Gavagai and TZQQA

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Over at Existential Comics, WV Quine discovers the indeterminacy of cross-generational translation:

After characteristic (but in this context uninsightful) interventions by JL Austin and Sigmund Freud, the text's meaning is eventually delimited by direct action, consistent with Quine's behaviorism. As he wrote in "Indeterminacy of Translation Again", The Journal of Philosophy 1987:

In psychology one may or may not be a behaviorist, but in linguistics one has no choice. Each of us learns his language by observing other people's verbal behavior and having his own faltering verbal behavior observed and reinforced or corrected by others. We depend strictly on overt behavior in observable situations. As long as our command of our language fit all external checkpoints, where our utterance or our reaction to someone's utterance can be appraised in the light of some shared situation, so long all is well. Our mental life between checkpoints is indifferent to our rating as a master of the language.

There is nothing in linguistic meaning, then, beyond what is to be gleaned from overt behavior in observable circumstances.

Note, though, that Quine's "behaviorism" refers only to the nature of evidence, and not to the nature of interpretation, about which BF Skinner recommended that we avoid "any explanation of an observed fact which appeals to events taking place somewhere else, at some other level of observation, described in different terms, and measured, if at all, in different dimensions" ("Are Theories of Learning Necessary", The Psychological Review 1949).


  1. Gavagai and TZQQA • Zhi Chinese said,

    February 7, 2017 @ 6:14 am

    […] Source: Language Gavagai and TZQQA […]

  2. Mark F. said,

    February 7, 2017 @ 12:21 pm

    I have never been impressed with the gavagai paper. Was Quine asking us to take seriously the idea that some people actually mean "undetached rabbit part" when they say "rabbit"? (Because, after all, there is nothing hypothetical about his scenario. Every baby experiences it.) Why did he not consider the possibility that some hypotheses might be later refuted by the fact that they can't be made consistent with other data?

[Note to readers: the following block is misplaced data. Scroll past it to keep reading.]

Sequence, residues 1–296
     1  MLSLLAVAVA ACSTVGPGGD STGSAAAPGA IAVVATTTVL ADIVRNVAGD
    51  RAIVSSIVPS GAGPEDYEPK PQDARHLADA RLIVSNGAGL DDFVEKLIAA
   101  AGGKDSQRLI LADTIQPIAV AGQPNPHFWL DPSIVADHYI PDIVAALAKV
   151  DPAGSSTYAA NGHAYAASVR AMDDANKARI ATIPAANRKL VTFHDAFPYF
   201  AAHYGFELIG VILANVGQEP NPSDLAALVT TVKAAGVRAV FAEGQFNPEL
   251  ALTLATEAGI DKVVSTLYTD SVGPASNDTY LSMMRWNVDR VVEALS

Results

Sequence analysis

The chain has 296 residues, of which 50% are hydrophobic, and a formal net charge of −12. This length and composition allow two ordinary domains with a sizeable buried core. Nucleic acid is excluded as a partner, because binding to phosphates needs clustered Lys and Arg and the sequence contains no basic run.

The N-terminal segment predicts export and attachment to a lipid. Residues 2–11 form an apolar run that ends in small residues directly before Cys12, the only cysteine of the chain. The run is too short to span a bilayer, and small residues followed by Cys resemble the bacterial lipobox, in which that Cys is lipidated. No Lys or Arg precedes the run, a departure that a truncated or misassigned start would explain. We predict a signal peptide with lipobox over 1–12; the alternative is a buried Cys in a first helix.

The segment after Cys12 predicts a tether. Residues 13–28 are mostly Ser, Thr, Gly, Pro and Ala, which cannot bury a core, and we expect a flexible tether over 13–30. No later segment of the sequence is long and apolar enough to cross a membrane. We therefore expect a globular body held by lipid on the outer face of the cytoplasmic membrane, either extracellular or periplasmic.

3. AntC said,

    February 7, 2017 @ 5:16 pm

    @Mark F You've got it the wrong way round. Accomplished speakers do not actually mean "undetached rabbit part" when they say "rabbit". Quine's claim is that novice listeners might interpret "rabbit" that way, given their initial paucity of contexts of hearing "rabbit".

    Yes Every baby experiences it. But do we as observers see babies' "faltering verbal behavior " w.r.t. "undetached rabbit part"? Perhaps by the time babies (toddlers) are able to falteringly talk about rabbit parts or running-rabbits vs sitting-rabbits, they've refuted a whole bundle of hypotheses about "rabbit"?

    For some hypothesis to be "later refuted" means that it was first formed (however fleetingly). Which is all that Quine is claiming, I think.

    [I did note in the video of Dan Everett's demonstration of Pike's fieldwork methods, he said he'd never encountered Quine's gavagai problem. But that contact is all going on between accomplished speakers (and the fieldworker is accomplished/trained across several languages).]

  4. Paul Kay said,

    February 7, 2017 @ 5:59 pm

    Did anyone else get a jolt from Quine's sentence beginning, "As long as our command of our language fit all external checkpoints…"? Could W.V.O. Quine have made an agreement error? No way! The verb fit heads a subjunctive clause. According to the Cambridge Grammar of the English Language (R. Huddleston and G.K. Pullum), the English subjunctive form is the base (their term is 'plain') form of the verb (hence not fits, the third singular present form); subjunctive verbs occur in three kinds of clauses, in one of which the clause is introduced by one of a shortish list of prepositions mostly expressing a negative, conditional, or modal meaning. (The last three characterizations are mine, not CGEL's). I started at Quine's sentence because as long as isn't on my list of subjunctive-introducing prepositions, although provided, which means pretty much the same thing, is. Just wondering.

  5. Gregory Kusnick said,

    February 8, 2017 @ 2:12 am

    Paul Kay: Yes, I noticed that too, and had the same reaction.

  6. Startlingly Idiotic said,

    February 8, 2017 @ 1:03 pm

    Genius! Make the language log great again, and crush all dissent.

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